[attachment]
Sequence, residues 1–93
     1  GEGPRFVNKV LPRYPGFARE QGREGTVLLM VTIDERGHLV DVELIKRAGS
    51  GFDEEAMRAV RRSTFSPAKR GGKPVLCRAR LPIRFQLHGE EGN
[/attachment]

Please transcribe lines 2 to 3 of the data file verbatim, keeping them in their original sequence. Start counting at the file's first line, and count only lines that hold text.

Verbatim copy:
     1  GEGPRFVNKV LPRYPGFARE QGREGTVLLM VTIDERGHLV DVELIKRAGS
    51  GFDEEAMRAV RRSTFSPAKR GGKPVLCRAR LPIRFQLHGE EGN